Woolwich wall messages were "graffiti" says landlord
A wall of messages created by members of the Woolwich community saddened by the riots in the town was painted over because it was seen as graffiti.
Powis Street Estates, owners of the site of the Great Harry pub which was destroyed in an arson attack nearly two weeks ago, said it took the decision to paint over the messages after talking to Greenwich Council.
A spokesman for Powis Street said the painting was carried out in order to "improve the appearance of the building" and also to provide a backdrop for a "planned campaign of advertising".
"The painting was undertaken after consultation with Greenwich council who confirmed that a photographic record had been taken of the graffiti," said the spokesman.
He added similar hoardings would be put up on other properties owned by the group in the town centre.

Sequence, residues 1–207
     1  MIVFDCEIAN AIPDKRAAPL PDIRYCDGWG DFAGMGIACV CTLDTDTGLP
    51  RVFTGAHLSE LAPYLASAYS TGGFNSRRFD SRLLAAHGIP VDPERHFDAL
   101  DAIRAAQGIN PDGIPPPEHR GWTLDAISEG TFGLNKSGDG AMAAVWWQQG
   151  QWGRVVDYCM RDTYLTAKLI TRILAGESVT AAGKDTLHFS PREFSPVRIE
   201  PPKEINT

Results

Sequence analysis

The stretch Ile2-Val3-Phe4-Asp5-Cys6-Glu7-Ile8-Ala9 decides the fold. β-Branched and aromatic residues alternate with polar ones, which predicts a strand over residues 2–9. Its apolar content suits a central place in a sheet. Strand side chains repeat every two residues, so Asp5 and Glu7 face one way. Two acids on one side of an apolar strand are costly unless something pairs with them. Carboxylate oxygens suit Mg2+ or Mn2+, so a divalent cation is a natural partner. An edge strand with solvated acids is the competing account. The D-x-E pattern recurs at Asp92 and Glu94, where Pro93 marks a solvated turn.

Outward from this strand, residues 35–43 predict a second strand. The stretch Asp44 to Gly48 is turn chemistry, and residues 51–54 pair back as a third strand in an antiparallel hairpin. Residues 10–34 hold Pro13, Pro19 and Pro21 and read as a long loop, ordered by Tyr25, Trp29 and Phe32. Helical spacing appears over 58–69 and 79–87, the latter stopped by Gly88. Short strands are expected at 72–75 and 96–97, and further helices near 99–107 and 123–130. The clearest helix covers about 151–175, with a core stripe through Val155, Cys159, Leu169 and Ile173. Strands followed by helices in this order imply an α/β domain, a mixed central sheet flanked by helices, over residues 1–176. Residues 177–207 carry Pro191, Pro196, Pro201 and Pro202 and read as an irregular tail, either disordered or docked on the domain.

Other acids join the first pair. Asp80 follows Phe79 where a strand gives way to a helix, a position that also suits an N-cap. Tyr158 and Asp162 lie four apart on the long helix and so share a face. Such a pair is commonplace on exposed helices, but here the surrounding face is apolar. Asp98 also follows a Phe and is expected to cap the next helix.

The Great Harry pub was the site of some of the worst vandalism during the rioting which devastated the town centre earlier this month.
It was gutted by fire and the next day hoardings were erected across the front of the building.
Within days Woolwich residents began using the wall to write messages on condemning the social disorder as well as paying tribute to the town and the Wetherspoon's pub.
However, many were shocked on Monday morning to find workmen were covering the wall in grey paint to hide the messages.
Greenwich Council said the decision to remove the tributes was taken by the site's landlord.
A spokesman for the council said: "We can confirm that the site of the Great Harry pub is owned by Powis Street Estates and they are responsible for painting over the graffiti this morning."